A simple example would be to use the nine different sectors in the S&P500 (sector spyders). Perhaps there are sectors that are better suited to a momentum strategy than using all nine? To test this assumption one might choose all universe subsets that are two assets or more (between 2 and 9 in this case) which results in 502 different momentum portfolios. This highlights a key difficulty with this approach- the computational burden grows exponentially as a function of universe size. Suppose we used a 60-day momentum strategy where we chose the top sector by CAGR and re-balance monthly. Looking back 756 trading days or 3 years, we test all 502 different universes and select the top 10% of universes by CAGR using the momentum strategy. Now at each re-balance, we choose the top asset using 60-day momentum from each of the universes that are in the top 10%. The purpose of this strategy- lets call it momentum with universe selection- is to hopefully enhance returns and risk-adjusted returns versus using all assets in the universe. The results of this walk-forward strategy are presented below:
It appears that universe selection substantially enhances the performance of a basic momentum strategy. Both returns and risk-adjusted returns are improved by using rolling universe selection. There are clearly sectors that are better suited to a switching strategy than just using all of them at once. What about asset classes? Does the same effect hold true? We chose a 10-asset universe that we have used before for testing Adaptive Asset Allocation: S&P500/SPY,Real Estate/IYR,Gold/GLD,Long-Term Treasurys/TLT,Commodities/DBC,10-year Treasurys/IEF,Emerging Markets/EEM,Europe/IEV,International Real Estate/RWX,Japan/EWJ. The results of this walk-forward strategy are presented below:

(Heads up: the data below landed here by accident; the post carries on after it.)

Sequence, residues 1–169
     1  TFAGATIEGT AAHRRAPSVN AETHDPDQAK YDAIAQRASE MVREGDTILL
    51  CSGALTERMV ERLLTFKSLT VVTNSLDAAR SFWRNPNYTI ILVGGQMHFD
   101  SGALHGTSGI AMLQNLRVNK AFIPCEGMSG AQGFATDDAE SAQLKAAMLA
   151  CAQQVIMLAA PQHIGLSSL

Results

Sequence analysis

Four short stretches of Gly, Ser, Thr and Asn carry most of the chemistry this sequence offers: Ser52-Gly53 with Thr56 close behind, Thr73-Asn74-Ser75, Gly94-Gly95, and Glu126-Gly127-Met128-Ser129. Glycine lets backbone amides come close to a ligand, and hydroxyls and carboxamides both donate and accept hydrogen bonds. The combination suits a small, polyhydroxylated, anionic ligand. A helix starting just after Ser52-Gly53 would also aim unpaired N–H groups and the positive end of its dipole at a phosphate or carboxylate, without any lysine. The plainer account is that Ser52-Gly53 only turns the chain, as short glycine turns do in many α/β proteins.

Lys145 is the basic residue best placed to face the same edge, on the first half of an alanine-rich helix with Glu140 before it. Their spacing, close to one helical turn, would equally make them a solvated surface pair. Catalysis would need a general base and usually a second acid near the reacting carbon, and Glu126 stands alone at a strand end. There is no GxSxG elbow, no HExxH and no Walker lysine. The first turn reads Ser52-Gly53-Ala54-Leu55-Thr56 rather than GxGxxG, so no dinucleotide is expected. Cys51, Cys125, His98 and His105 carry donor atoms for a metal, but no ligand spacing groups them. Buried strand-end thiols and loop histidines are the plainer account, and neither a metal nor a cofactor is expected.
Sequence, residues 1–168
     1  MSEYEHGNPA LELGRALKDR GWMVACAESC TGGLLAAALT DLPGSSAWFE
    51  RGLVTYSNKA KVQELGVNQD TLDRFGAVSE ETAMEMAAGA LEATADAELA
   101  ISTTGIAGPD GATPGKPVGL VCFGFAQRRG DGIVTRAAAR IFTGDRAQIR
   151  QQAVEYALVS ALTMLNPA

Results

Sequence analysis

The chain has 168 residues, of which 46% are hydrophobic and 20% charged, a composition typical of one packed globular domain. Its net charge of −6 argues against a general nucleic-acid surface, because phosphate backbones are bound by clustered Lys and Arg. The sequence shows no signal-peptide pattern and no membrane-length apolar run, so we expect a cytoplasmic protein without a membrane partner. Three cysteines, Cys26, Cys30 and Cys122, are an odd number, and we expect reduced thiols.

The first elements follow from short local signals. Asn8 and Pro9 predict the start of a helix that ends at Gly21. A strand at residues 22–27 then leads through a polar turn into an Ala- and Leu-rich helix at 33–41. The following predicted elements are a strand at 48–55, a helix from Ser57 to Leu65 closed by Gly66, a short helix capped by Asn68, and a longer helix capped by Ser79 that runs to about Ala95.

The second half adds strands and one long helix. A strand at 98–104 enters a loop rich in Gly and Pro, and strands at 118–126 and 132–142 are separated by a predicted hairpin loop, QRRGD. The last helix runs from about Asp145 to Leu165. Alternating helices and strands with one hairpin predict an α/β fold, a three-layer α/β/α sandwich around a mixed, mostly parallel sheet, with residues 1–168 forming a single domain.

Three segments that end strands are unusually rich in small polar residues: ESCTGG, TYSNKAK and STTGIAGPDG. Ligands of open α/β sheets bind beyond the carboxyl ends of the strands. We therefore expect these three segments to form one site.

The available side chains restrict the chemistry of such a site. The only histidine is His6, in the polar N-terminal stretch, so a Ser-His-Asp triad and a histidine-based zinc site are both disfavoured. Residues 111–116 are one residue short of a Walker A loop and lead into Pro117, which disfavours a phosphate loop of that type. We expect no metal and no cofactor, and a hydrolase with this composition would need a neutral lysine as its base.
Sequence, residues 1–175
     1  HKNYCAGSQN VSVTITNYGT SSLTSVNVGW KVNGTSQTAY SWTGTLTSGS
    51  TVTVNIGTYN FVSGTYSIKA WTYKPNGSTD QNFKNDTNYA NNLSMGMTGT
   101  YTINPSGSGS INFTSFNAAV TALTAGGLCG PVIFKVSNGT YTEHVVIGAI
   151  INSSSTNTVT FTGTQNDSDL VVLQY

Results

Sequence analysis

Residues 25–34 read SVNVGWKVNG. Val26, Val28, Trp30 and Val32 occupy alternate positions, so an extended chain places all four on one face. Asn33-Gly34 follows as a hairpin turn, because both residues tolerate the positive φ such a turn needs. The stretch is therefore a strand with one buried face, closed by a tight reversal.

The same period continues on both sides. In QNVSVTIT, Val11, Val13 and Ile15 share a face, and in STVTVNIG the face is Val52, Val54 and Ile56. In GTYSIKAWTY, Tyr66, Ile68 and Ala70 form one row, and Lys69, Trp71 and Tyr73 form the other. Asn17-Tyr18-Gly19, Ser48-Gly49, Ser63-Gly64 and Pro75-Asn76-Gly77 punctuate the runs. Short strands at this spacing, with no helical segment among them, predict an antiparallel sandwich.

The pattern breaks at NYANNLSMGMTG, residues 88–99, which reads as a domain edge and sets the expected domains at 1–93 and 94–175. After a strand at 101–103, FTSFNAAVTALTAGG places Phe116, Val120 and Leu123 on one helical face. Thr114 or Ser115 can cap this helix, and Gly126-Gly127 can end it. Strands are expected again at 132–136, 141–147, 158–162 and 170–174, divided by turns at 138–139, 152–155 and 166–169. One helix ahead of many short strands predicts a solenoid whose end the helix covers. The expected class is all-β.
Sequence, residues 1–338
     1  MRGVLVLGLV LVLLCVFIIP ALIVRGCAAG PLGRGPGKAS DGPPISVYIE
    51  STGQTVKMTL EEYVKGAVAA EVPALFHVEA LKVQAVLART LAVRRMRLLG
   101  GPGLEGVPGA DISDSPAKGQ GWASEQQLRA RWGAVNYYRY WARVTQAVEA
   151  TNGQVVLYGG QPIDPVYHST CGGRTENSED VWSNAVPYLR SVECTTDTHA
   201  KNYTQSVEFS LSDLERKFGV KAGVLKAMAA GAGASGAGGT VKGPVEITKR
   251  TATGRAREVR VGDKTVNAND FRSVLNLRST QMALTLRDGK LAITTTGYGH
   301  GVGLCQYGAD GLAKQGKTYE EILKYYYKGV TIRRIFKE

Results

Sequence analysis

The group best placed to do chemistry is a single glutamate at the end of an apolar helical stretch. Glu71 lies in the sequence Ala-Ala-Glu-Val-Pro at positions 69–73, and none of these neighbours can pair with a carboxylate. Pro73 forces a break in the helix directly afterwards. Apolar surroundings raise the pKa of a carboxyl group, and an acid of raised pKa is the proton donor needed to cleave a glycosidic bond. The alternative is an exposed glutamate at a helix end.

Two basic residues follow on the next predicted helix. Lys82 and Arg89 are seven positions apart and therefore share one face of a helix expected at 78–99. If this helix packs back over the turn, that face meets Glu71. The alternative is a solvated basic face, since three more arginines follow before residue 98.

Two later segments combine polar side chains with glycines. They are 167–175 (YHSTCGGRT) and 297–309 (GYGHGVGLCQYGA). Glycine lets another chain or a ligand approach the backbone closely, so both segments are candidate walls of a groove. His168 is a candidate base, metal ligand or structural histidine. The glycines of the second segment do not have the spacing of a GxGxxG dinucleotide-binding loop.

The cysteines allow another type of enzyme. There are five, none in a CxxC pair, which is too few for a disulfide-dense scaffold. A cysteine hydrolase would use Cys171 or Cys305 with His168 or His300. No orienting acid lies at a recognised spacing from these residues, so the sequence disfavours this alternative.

Once again, the returns and risk-adjusted returns are much higher when employing universe selection. The differences are highly significant in this case. Clearly there are subsets of asset classes that are superior to using the entire universe.
This approach to universe selection is not without flaws however, and the reasons why will be clarified in a subsequent post. However it is still reasonably practical as long as the backtest lookback window (756 in the above example) is much larger than the momentum lookback window (60 in the above example). Furthermore, the backtest lookback window would ideally cover a market cycle–using shorter lookback windows could end up choosing only the best performers during say a bull market–which would lead to a biased universe. In addition, it would be helpful to choose a reasonable number or % of the top universes such as the top 5 or top 10 or even the top 10% in the examples we used above. That helps to mitigate the effect of data-mining too many different combinations and ending up with a universe that simply performed well due to chance. It also improves the reliability of out-of-sample performance.